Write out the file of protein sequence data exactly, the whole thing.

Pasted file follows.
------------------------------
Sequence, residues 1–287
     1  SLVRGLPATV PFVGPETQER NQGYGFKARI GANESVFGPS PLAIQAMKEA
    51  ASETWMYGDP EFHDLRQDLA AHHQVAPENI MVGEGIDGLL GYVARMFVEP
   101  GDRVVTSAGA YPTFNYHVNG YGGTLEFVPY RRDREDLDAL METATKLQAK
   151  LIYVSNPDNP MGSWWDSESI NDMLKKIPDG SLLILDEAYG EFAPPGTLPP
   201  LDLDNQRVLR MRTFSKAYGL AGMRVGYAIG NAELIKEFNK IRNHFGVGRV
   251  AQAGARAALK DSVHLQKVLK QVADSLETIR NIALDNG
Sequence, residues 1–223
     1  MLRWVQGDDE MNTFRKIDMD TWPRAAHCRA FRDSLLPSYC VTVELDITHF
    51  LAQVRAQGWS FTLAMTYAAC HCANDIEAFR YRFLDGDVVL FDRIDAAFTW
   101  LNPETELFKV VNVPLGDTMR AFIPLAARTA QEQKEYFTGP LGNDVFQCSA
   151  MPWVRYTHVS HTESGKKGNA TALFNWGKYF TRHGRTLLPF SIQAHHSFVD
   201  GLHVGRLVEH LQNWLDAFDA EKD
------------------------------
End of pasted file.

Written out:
Sequence, residues 1–287
     1  SLVRGLPATV PFVGPETQER NQGYGFKARI GANESVFGPS PLAIQAMKEA
    51  ASETWMYGDP EFHDLRQDLA AHHQVAPENI MVGEGIDGLL GYVARMFVEP
   101  GDRVVTSAGA YPTFNYHVNG YGGTLEFVPY RRDREDLDAL METATKLQAK
   151  LIYVSNPDNP MGSWWDSESI NDMLKKIPDG SLLILDEAYG EFAPPGTLPP
   201  LDLDNQRVLR MRTFSKAYGL AGMRVGYAIG NAELIKEFNK IRNHFGVGRV
   251  AQAGARAALK DSVHLQKVLK QVADSLETIR NIALDNG
Sequence, residues 1–223
     1  MLRWVQGDDE MNTFRKIDMD TWPRAAHCRA FRDSLLPSYC VTVELDITHF
    51  LAQVRAQGWS FTLAMTYAAC HCANDIEAFR YRFLDGDVVL FDRIDAAFTW
   101  LNPETELFKV VNVPLGDTMR AFIPLAARTA QEQKEYFTGP LGNDVFQCSA
   151  MPWVRYTHVS HTESGKKGNA TALFNWGKYF TRHGRTLLPF SIQAHHSFVD
   201  GLHVGRLVEH LQNWLDAFDA EKD